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Golf player Dan Halldorson, 1986 CPGA.The Canadian Press

Dan Halldorson, a Canadian Golf Hall of Famer who enjoyed a long career on the PGA Tour and helped mentor many of this country's top golfers, has died. He was 63.

Halldorson suffered a massive stroke Monday at his home in Cambridge, Ill., and died Wednesday in hospital, a Golf Canada spokesman said.

"I think he'll be remembered as one of the great icons in Canadian golf," longtime friend Richard Zokol said from Vernon, B.C.

A Winnipeg native who grew up in nearby Brandon, Man., Halldorson picked up his lone PGA Tour win at the 1980 Pensacola Open and earned close to US$1.2 million on the Tour from 1975 to 2004. He won World Cup titles for Canada in 1980 with Jim Nelford and in 1985 with Dave Barr.

"He was a stalwart, he was reliable," Zokol said Thursday. "You knew he could perform. We all have such tremendous memories of him."

Halldorson turned pro in 1971 and earned his first professional victory later that year at the Manitoba PGA Championship. He would win seven times in all on the Canadian Tour — now known as the Mackenzie Tour — and later served as its deputy director.

"On behalf of the entire golf community including the golfers, associations and fellow competitors whose lives he touched, we are saddened by the passing of Dan Halldorson," Golf Canada chief executive officer Scott Simmons said in a statement. "Dan's accomplishments on the golf course and his contributions to the game were outstanding and although we are mourning his loss, his outstanding legacy deserves to be celebrated."

Halldorson was named Canada's professional golfer of the year in 1981 and 1983. He also won the 1986 Deposit Guaranty Golf Classic, an unofficial stop on the PGA Tour.

"He'll be remembered as a champion," Golf Canada chief championship officer Bill Paul said from Toronto. "And a champion is not always the trophies on the mantle at home. It's that, but it's moreso what you did in the game and what you did to help grow the game, what you did to make it better.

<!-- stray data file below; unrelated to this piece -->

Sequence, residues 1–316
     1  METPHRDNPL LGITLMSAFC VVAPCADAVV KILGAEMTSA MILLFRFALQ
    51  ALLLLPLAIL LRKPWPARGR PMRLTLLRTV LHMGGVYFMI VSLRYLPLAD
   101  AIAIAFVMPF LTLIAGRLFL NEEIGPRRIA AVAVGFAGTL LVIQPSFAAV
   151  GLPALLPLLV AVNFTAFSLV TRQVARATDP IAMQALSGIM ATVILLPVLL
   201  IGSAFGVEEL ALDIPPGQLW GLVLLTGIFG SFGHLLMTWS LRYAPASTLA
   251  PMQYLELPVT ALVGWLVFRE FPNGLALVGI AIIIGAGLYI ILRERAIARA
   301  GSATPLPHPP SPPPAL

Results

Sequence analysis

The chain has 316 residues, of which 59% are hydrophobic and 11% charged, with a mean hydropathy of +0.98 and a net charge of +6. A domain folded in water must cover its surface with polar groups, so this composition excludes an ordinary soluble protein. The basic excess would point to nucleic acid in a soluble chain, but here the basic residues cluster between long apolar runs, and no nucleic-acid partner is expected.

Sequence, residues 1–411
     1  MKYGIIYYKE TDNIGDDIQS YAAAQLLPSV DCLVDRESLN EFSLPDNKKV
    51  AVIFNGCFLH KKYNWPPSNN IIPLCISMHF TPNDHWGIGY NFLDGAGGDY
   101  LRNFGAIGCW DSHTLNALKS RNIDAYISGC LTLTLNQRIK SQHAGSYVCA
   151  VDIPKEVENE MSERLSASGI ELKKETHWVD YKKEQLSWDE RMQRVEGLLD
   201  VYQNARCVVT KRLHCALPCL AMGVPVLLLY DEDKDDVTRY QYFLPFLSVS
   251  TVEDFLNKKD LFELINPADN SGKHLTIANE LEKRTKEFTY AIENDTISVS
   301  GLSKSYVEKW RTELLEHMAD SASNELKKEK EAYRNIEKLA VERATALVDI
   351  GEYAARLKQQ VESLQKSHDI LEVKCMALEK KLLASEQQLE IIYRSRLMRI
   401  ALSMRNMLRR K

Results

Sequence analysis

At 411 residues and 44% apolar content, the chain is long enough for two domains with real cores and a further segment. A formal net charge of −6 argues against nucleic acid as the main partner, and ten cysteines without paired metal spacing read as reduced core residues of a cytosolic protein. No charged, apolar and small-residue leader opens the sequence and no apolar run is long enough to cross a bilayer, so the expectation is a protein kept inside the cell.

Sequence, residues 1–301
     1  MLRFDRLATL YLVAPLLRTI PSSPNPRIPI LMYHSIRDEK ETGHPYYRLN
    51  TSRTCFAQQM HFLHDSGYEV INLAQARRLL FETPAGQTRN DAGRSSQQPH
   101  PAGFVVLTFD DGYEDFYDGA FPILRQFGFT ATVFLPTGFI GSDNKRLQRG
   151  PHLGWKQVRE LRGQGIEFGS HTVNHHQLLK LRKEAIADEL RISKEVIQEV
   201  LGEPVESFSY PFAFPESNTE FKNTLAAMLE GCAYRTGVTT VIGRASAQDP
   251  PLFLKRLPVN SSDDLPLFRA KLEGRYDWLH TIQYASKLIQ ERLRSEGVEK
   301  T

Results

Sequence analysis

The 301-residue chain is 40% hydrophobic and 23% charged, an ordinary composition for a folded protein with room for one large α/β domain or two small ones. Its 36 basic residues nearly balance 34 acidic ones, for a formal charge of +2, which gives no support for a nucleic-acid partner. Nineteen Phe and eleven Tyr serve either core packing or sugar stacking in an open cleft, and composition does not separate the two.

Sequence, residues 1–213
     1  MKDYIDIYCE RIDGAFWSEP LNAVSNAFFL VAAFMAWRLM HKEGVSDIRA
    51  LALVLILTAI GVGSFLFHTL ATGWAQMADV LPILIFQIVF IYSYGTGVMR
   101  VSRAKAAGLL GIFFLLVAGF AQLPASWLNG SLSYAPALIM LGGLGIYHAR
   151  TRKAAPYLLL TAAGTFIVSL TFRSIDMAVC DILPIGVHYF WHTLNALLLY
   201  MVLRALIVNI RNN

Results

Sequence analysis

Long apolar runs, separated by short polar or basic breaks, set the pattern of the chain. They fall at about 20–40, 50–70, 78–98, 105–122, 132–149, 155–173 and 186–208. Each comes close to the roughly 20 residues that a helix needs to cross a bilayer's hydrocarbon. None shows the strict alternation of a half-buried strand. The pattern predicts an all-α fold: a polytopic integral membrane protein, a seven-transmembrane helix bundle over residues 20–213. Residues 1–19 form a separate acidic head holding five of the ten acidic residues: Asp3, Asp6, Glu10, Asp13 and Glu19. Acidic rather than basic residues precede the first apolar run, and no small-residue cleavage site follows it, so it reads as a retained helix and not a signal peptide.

"I saw Dan as someone that did that as a player, did that as an administrator and probably more importantly, what he did as a mentor and being able to talk to kids."

Ian Leggatt recalled how Halldorson would help him when he and Mike Weir were just starting out as professionals. They would play practice rounds on the old Canadian Tour and talk about the sport, with Halldorson more than happy to weigh in with advice when asked.

"I think he was motivated by getting more Canadians on the PGA Tour," Leggatt said from Richmond Hill, Ont. "So he always had time for everybody."

Known for his strong ball striking skills and steady composure, Halldorson played in an era just before big purses and increased television exposure became the norm. He was part of a Canadian crew on the Tour that included Zokol, Barr, Nelford and Ray Stewart, players who helped pave the way for the next generation of Canadians like Leggatt, Mike Weir and Graham DeLaet.

"I think it's unfortunate really that a lot of people don't know the amazing career that he really had in the game of golf," Leggatt said. "But that was Dan's thing. He always had time for everyone but he never talked about himself. He always was more concerned about how everyone else was doing."

Halldorson, who was inducted into the Canadian Golf Hall of Fame in 2002, also played at a few events on the Champions Tour. Most recently, he was a director of golf at the Oak Island Resort course in Virden, Man.

"I think it's what he did in the game inside the ropes, but maybe more importantly outside the ropes in terms of what he did in being able to speak to players, mentor players and giving advice to (those in) the game was a big part of (his impact)," Paul said.

Halldorson is survived by his wife Patricia, daughter Angela, son Mark and three grandchildren. Funeral service plans were not immediately available.